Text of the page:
Sunday, 27 March 2011
After a horrendous summer, there's a welcome touch of cold in the evening air tonight, which heralds the welcome news that Autumn will soon be here in her full, golden-red regalia. Although the city I live in is at a latitude which is officially sub-tropical, the elevation of the city means that our climate is actually temperate, with four distict and welcome seasons. We've even had snow (light!) in winter. Autumn days here are clear and sunny, and the number of deciduous trees planted in the city promises a sublime display of autumnal colours that few Australian cities can deliver, as pictured above. The cold evening brought to mind my favourite Autumnal poem, appropriately anough titled 'Autumn', by the long-forgotten English poet T.E. Hulme, who gave his life in World War I. We don't have a ruddy-faced moon here, rather a shimmering silver one, but wistful stars with white faces like town children are in abundance in the Southern sky. Enjoy:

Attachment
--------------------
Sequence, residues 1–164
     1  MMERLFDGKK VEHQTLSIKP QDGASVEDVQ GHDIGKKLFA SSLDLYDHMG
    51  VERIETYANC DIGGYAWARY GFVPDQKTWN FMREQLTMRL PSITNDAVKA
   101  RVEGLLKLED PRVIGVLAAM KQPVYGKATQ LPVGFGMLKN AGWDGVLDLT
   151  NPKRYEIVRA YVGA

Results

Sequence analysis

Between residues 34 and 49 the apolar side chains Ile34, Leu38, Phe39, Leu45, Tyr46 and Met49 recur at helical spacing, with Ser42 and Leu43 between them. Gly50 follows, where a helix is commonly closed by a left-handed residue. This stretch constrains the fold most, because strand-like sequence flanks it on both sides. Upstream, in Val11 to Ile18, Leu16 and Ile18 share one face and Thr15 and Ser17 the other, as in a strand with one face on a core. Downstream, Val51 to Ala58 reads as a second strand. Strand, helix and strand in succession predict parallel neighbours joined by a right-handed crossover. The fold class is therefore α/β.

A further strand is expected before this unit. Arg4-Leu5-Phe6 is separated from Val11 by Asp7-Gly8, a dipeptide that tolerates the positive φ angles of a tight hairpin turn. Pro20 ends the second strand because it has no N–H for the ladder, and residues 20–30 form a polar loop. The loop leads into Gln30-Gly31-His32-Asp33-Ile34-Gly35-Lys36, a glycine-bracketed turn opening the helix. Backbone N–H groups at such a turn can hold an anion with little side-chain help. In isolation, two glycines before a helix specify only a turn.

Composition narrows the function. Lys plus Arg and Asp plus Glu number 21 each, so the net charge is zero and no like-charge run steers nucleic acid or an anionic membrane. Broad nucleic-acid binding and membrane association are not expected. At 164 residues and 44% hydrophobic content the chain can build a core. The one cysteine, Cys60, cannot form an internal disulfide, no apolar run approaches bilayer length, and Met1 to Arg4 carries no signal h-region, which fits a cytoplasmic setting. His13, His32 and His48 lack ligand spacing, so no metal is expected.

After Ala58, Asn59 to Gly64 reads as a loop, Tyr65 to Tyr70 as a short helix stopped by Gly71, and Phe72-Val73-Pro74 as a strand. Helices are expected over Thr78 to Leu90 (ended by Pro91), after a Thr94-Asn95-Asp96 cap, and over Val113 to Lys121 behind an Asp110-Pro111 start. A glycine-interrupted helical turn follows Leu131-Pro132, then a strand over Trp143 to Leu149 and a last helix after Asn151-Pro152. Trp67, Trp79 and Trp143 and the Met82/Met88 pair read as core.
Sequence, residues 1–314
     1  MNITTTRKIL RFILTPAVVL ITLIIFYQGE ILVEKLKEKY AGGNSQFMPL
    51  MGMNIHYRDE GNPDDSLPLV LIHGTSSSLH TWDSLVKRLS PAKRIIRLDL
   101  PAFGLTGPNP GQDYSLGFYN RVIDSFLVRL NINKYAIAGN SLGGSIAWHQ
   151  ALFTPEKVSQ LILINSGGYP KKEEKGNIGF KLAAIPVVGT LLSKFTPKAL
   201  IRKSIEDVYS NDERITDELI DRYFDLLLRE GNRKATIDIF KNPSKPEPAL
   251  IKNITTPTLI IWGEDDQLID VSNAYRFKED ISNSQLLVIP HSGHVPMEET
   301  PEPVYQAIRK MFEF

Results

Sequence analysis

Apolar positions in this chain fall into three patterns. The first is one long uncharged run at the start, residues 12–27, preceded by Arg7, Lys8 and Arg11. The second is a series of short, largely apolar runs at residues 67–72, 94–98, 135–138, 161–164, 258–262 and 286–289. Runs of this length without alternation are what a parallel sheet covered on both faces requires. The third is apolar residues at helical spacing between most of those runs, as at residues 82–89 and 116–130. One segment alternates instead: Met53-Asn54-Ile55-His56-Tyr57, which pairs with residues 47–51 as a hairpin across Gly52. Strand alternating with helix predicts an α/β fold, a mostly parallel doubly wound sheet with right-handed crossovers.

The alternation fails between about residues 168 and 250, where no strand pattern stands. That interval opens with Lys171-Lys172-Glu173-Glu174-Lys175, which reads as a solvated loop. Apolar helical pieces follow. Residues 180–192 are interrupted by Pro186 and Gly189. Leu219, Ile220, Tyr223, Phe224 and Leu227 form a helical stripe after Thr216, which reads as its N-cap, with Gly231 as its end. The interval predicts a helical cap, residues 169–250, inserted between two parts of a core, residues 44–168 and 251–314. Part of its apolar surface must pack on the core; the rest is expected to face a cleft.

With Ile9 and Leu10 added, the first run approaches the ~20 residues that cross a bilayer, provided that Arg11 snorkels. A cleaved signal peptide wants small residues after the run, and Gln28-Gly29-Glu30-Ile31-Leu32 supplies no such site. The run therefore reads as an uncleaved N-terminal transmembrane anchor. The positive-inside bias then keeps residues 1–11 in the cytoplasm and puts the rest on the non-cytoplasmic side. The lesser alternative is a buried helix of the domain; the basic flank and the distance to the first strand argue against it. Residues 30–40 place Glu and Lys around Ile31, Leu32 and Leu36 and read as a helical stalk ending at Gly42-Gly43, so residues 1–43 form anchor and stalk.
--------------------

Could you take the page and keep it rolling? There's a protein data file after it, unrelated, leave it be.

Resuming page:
A touch of cold in the Autumn night
I walked abroad,
And saw the ruddy moon lean over a hedge
Like a red-faced farmer.
I did not stop to speak, but nodded;
And round about were the wistful stars
With white faces like town children.